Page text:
When you find a spiritual tradition that you really connect with and that changes your life, you revere it. Especially when you’re told that it’s worthy of reverence and that it was started (or rediscovered) by a dude who was not only a teacher of humans but also a teacher of gods.
We have suttas (Theravada), sutras (Mahayana) and tantras (Vajrayana) that are considered truly sacred by members of those traditions. They are the word of the Buddha. You wouldn’t rest your cup of tea on them or leave them on the floor. Just copying out one of those texts is considered to have massive positive karmic consequences.
We bow to statues too. We chant mantras in the belief that there is magic in them and just by chanting them we are benefiting both ourselves and others.
It’s easy to forget that all this stuff was created by humans. Only humans.
OK maybe they were clever humans, wise humans, compassionate humans. But humans are imperfect and its OK to question this stuff.
One of the 10 fetters that bind us to cyclic existence (ie keep us getting reborn) in the early Buddhist tradition is “Adherence to rights and rituals as ends in themselves.”
You could even translate this as “Believing that just doing the religious type stuff is enough to get you enlightened.”
We need to go beyond this kind of thinking if we want to get somewhere with Buddhist practice.
Marketing in Buddhism
I’m writing about this now because I’ve spoken to a few people recently who have a ‘map’ of Buddhism that puts their take on it at the top of the pile. They’ve been taught this and apparently haven’t questioned it.
One of the things you hear is that Theravadin (early) Buddhism is ‘a good preparation for Mahayana practice’.
The idea, from the Mahayana side, is that the Theravada teachings are the basic teachings. No one really says it out loud anymore, but the Theravada is considered ‘Hinayana’ Buddhism – the ‘lesser vehicle’ – by Mahayanists. ‘Mahayana’ means ‘Greater vehicle’.
This is nonsense. Theravada Buddhism can take you all the way. It is a full path.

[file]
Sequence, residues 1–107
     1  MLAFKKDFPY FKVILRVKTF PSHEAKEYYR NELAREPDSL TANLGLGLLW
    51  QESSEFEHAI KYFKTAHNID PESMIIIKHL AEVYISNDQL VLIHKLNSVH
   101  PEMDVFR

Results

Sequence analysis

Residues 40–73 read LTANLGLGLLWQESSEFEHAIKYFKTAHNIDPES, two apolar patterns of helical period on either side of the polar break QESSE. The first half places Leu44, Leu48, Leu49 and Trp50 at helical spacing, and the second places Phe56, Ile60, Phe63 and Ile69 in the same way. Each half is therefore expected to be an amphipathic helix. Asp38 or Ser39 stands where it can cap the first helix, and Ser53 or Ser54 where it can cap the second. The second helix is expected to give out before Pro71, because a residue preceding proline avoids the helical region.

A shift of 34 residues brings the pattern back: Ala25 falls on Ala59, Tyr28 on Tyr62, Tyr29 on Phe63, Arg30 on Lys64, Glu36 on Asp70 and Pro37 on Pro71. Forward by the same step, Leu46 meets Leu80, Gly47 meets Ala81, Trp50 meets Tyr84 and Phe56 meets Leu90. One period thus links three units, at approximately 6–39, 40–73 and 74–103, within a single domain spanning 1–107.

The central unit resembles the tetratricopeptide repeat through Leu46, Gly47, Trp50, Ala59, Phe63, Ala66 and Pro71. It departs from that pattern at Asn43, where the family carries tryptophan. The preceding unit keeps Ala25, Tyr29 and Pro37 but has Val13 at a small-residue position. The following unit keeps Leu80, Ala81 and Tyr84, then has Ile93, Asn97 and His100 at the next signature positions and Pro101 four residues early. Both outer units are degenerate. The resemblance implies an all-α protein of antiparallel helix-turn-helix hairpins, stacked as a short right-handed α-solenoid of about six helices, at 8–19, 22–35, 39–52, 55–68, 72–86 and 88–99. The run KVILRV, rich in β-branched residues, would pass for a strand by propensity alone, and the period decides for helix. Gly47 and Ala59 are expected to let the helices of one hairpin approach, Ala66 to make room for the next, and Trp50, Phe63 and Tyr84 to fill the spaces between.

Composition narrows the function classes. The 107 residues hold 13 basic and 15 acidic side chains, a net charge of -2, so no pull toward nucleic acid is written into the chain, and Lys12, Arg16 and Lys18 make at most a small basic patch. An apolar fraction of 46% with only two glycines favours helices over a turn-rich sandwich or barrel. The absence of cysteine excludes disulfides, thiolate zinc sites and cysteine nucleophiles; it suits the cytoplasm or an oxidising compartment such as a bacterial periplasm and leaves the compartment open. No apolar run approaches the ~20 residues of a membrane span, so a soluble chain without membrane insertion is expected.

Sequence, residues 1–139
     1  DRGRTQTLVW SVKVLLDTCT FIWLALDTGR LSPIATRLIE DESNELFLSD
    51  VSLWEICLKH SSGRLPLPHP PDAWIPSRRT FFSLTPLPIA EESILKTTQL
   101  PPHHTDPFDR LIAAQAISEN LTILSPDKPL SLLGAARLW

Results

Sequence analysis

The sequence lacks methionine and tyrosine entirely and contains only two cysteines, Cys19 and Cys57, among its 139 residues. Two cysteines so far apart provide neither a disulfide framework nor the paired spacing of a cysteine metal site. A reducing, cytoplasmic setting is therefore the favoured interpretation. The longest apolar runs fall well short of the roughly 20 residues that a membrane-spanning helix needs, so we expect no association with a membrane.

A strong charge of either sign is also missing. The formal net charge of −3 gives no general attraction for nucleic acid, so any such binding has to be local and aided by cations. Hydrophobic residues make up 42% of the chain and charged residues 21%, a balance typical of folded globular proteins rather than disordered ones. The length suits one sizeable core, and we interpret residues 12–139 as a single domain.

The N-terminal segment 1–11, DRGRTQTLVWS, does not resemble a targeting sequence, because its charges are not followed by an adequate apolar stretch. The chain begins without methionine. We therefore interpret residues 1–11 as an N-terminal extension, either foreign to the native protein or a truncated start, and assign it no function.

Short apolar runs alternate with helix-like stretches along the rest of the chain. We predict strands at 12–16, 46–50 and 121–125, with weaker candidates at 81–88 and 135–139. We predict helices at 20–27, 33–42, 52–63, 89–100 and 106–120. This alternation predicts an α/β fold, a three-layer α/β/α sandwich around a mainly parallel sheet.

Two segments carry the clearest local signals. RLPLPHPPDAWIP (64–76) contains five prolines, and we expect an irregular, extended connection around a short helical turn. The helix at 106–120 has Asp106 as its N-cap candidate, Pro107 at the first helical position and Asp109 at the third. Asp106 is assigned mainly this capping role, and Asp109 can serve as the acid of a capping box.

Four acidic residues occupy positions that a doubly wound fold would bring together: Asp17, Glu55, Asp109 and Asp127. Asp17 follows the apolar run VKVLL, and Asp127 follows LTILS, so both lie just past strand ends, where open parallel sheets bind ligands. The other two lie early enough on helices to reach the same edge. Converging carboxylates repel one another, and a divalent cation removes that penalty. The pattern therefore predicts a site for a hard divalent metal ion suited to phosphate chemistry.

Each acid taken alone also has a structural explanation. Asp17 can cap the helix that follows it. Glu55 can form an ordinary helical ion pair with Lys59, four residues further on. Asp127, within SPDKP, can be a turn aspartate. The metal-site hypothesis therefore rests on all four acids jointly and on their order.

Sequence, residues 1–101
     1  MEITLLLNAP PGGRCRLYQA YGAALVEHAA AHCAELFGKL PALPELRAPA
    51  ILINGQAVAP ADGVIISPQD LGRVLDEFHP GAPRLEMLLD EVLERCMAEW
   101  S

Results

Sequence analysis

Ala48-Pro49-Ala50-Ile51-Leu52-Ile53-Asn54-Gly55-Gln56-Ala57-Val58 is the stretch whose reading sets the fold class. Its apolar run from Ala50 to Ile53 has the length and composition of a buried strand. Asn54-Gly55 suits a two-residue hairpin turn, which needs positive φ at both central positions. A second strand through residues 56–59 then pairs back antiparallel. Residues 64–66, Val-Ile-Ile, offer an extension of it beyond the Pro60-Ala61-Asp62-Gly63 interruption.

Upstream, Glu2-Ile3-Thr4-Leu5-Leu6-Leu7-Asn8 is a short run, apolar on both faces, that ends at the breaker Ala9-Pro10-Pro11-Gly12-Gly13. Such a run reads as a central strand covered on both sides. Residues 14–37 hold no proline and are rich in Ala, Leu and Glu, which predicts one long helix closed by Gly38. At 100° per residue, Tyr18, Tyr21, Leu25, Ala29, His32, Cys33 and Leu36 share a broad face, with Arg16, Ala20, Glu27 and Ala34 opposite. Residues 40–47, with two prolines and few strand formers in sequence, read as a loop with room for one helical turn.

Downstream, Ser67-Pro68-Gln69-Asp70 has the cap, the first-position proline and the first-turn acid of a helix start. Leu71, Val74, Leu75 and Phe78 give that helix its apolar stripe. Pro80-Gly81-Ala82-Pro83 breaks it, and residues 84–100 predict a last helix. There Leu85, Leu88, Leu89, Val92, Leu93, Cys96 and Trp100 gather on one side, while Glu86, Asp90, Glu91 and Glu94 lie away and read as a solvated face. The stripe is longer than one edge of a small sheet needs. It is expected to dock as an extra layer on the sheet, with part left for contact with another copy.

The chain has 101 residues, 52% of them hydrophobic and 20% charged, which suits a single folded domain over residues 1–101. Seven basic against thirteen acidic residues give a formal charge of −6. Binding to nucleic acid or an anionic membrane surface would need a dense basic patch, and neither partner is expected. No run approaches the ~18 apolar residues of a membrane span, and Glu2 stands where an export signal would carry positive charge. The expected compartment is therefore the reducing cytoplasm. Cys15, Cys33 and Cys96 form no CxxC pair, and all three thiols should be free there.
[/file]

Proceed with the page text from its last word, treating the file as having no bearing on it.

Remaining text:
The staunch Theravadins regard Mahayana Buddhism as a degradation of the Buddha’s teaching and part of the inevitable decline that will eventually lead to it being impossible for us to get enlightened without the arrival of the next Buddha.
I don’t buy that either. Wisdom can be communicated in any number of ways. The historical Buddha doesn’t hold the copyright on the Dhamma.
And the Hindu take on it is that the Buddha is an incarnation of Vishnu. (By positioning it in this way, Buddhism is no longer a challenge to the Hindu religion but is consumed by it. A neat trick.)
Whereas the Buddhist take on it is that Vishnu is an unenlightened god that sits below the Buddha in the hierarchy of evolved beings. (Another neat trick.)
In short, all of this is marketing. If you want to establish your market share in the spiritual free market you need an angle. You have to be the biggest, the newest, the oldest or the highest. It must take you farthest or get you there quickest.
Don’t let it bring you down
Just because humans wrote Buddhism doesn’t mean it isn’t useful. It just means you have to stay awake when you’re hearing messages about it, and when you’re studying it.
You don’t believe everything the car salesperson is telling you. That doesn’t mean it isn’t a great car.
At the end of the day, you are responsible for your own practice. Whatever words you read, whatever teachings you receive, whatever initiations you undergo, in the end it’s down to you.
I’ve met several big cheeses in the spiritual world. People who some consider to be Buddhas, or gods, or Zen masters.
I always came away from these interactions with a strong sense that it was down to me to walk the path. No one can push you along it in their shopping trolley. How could it be otherwise?
The teaching, the truth and the path are all around you, in every moment. Reality is everywhere. You just have to open your eyes.
Test out the practices for yourself. Find what works for you at this stage in your life.
Whatever you’re taught you’ll interpret based on your own present understanding and experience. So really it’s you teaching yourself anyway. It could never be anything else.
In the words of Daevid Allen of Gong (a psychedelic jazz-rock band) “I am my own guru. I set my gurus free.”
Of course he’s just a human too.